Winegrowers Supplies - Making Red Wine - from concentrated grape juice
1) Diluting the concentrated juice:
For red wine I suggest aiming for:-
12.5% alcohol = 91 °Oeschle juice (specific gravity 1.091) = 21.7 Brix
The concentrate may not be exactly 65 Brix, it could be up to 68% Brix, so:-
Pump good-tasting fresh water into the tank until it is 60% full. For concentrate at 65 Brix, 2 parts water to 1 part concentrate would give 21.67 Brix.
Start the tank-rouser running.
Use a Fork Lift Truck, with a rotary drum fitting, to lift a drum above an
open top variable-capacity tank
and slowly tip the concentrated grape juice into the water. Add more
drums until the tank is about 90% full, empty the drums completely.
Note: finally there will need to be at least a 50mm air space at the top of the tank, between the juice surface and the lid, to accomodate the fermentation foam. This is about 2% of the tank volume.
Measure the specific gravity (°Oechsle) of the diluted juice, with a refractometer.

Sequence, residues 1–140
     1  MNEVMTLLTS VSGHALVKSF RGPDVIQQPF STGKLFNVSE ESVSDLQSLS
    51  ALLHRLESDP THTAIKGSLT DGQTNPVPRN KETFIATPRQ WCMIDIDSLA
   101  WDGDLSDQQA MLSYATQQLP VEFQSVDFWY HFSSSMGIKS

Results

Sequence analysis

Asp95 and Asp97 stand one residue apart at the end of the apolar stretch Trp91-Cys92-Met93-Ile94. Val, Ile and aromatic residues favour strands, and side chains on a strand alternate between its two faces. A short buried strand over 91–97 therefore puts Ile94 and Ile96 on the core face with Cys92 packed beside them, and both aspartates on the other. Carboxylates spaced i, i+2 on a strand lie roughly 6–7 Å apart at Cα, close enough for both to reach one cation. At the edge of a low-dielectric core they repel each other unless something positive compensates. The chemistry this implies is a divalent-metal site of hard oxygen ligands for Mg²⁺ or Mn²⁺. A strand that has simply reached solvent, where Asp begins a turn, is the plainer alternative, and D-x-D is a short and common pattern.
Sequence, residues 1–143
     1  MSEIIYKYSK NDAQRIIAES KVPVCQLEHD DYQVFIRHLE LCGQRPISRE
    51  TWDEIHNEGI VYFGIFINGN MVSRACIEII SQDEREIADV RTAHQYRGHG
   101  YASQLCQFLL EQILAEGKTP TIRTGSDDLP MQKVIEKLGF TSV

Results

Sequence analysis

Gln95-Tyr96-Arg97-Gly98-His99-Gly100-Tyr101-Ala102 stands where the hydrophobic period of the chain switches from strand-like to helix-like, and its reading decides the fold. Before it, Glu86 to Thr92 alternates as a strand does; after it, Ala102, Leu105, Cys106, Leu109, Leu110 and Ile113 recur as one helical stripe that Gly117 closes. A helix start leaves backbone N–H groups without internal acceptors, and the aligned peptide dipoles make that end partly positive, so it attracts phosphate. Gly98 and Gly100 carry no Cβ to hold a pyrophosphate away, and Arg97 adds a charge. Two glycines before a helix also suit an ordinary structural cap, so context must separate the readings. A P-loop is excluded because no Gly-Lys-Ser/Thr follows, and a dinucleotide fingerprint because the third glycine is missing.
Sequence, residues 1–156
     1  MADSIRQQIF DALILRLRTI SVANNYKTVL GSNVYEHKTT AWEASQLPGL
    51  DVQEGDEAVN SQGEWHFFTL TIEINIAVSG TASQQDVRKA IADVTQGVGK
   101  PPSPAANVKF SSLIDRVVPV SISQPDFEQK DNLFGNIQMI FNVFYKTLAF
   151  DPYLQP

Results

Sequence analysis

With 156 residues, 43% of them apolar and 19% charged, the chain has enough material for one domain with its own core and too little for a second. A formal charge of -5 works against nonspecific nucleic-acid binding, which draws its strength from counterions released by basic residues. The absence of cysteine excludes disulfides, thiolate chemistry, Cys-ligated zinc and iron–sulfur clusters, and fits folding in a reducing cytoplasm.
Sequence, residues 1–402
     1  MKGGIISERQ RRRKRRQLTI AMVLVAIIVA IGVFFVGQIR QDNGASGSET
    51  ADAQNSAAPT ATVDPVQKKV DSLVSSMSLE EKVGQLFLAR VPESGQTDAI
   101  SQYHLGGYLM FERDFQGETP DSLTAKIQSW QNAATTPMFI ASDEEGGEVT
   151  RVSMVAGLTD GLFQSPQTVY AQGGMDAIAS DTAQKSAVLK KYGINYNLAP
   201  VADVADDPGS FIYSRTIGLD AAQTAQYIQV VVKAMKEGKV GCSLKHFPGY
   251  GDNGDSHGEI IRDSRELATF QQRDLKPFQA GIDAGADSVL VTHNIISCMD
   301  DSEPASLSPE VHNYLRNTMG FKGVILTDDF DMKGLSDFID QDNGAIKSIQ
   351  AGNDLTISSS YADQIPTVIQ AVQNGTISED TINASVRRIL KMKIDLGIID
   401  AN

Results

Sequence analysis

Record the volume of diluted juice in the tank.
Calculate how much more water needs to be added to reduce the specific gravity to the intended 91 °Oe. Add this amount of water and re-measure and adjust until correct.
Take a sample of the diluted juice and measure the level of total SO2.
Add wine sulphur to raise the total SO2 to 20 mgm/litre.
Switch the rouser off but leave it in the tank.
2) Preparing the juice for fermentation:
a) Prepare bentonite; 1 gram per litre, for removing any excess protein.
b) Measure the acidity of the juice with a test such as the Sulfacor.
Calculate the amount of citric acid to adjust the acidity to 6.0 g/l.
Turn the rouser on again and add the acid crystals to the top of the tank, so that they are dissolved in the juice.
c) Add the bentonite suspension, after draining off excess water, and rouse in.
d) Add yeast nutrients (should be added before the addition of the yeast) and rouse in.
e) Rehydrate the selected yeast (Oenoferm Rouge);